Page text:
Most of these people want to become cops. If you’ve read this far you’ve figured out that I’ve sued DSS, an almost impossible task. So when I tell you about the social worker imbroglio, here’s how bad it got, I know — national social worker org. finally told South Dakota on the third, fourth time, we will sue you if you don’t stop calling your unqualified personnel “social workers.”

    That’s why they all bear Orwellian titles like “family reintegration specialist,” or some such nonsense that could have been coined by Goebbels himself. The state had to rename them and give them names that inspired obedience and lent them an air of legitimacy. I’m not making this up. Most of what is called “social work” in this state is the brutal kidnapping of children from their families. Why?

    Easy. Money. And it’s gotten to be easy money. The initial seizure of a child, the forty-eight hour hearing, each “visit,” the appointment of a “family reintegration specialist,” the supervised visitations that are observed behind one-way glass, videotaped, all of these events are reported to the legislature, every year, as an “incident of funding.”

    The more you can stack up “incidents of funding,” the more money you make. Believe me, I’m not making this up either. I have pored through DSS budgets and testimony. The legislature, by and large, is completely complicit because it has been completely destroyed by term limits. They are very gullible. It is very easy to start reporting numbers and, of course, numbers sounds like bidness. And of course government should run like Bidness. And so it goes.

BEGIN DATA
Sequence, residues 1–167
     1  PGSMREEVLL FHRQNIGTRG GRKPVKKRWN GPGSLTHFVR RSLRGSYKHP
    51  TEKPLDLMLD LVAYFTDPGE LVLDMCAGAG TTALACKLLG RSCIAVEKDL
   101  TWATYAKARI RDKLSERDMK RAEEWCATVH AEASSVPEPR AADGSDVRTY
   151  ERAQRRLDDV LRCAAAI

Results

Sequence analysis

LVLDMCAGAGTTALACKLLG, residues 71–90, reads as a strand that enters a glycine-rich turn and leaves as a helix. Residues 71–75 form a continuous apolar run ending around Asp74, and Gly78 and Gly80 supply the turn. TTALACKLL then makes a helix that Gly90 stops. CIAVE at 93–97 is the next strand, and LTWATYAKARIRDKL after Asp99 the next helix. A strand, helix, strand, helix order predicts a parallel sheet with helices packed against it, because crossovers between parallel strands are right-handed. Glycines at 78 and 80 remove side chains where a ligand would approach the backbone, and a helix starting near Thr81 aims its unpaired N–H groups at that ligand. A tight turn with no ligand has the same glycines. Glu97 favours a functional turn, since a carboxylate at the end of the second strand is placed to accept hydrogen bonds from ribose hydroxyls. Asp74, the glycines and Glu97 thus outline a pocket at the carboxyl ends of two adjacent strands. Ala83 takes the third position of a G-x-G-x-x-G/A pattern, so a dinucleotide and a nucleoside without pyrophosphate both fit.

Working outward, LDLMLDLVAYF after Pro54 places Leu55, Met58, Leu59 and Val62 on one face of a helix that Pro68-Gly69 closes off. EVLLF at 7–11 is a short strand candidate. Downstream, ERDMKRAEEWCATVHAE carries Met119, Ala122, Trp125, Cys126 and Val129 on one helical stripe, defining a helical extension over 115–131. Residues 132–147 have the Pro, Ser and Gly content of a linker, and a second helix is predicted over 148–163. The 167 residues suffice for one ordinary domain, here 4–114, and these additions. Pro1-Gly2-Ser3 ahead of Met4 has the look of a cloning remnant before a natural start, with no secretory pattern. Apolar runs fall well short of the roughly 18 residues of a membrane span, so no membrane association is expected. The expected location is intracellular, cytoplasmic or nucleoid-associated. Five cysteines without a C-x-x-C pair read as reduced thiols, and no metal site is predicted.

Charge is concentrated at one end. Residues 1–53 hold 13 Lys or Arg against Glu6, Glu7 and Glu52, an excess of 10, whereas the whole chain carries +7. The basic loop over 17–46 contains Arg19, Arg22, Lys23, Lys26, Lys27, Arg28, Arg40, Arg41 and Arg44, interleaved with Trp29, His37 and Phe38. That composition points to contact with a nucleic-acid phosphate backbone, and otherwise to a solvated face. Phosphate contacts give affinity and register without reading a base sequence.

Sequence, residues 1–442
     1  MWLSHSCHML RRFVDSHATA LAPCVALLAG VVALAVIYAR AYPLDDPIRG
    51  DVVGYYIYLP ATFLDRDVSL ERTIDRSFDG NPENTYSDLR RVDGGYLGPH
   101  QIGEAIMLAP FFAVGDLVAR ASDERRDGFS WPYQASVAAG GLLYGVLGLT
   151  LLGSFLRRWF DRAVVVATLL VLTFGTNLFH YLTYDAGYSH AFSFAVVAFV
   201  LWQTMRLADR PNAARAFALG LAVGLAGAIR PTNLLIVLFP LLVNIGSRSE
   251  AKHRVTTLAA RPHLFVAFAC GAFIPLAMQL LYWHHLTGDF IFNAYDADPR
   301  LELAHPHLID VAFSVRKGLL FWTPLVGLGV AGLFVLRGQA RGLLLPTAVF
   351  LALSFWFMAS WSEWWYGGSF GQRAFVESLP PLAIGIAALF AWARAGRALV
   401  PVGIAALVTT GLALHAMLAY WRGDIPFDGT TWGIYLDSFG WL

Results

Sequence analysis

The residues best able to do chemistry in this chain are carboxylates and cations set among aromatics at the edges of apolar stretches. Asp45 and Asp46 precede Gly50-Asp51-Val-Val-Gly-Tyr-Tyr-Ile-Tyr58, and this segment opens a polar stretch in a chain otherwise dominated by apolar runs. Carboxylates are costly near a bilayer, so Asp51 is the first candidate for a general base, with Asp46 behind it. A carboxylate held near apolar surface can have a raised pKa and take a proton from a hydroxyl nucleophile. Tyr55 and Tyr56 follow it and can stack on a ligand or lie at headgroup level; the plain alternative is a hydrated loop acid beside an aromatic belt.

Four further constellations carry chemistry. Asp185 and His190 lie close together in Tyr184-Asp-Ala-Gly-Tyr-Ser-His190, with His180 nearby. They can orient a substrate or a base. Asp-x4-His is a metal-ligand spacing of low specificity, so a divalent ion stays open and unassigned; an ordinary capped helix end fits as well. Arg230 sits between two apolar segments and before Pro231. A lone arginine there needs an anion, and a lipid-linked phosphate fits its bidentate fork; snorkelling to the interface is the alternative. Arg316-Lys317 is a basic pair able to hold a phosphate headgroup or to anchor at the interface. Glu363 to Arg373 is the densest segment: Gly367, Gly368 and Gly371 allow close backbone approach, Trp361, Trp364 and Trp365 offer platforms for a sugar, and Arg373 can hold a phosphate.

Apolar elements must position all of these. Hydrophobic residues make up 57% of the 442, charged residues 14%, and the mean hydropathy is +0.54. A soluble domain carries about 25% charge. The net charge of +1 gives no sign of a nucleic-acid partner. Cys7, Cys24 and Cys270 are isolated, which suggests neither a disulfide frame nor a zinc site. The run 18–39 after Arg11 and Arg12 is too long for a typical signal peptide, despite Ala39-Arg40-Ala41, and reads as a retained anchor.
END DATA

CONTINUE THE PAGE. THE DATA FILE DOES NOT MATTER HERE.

It takes me hundreds or thousands of hours to master something well enough to take it apart. I’ve done about a half million dollars in pro bono work for the environment. Another half million or so on Indian Voting Rights. A bunch on EB-5. It takes a lot of time to learn this stuff. In any subject area, it’s a long slow grind to anything that looks like charisma in the courtroom.

    Legislators don’t have time, aren’t back for long, sustained periods, we don’t let them do this anymore. We throw them out of office with term limits because propaganda told us to, so we do it. So nothing is mastered and nothing gets done or, at the other extreme, we jack up the speed limit to eighty after about ninety seconds of legislative work. It’s high school.

    Bear with me. What we have seen over the course of the last decade or so is that fewer and fewer legislators work together. At the end of the day you run back to your room at the Ramkota and strip down, shower, order room service, and fire up the computer.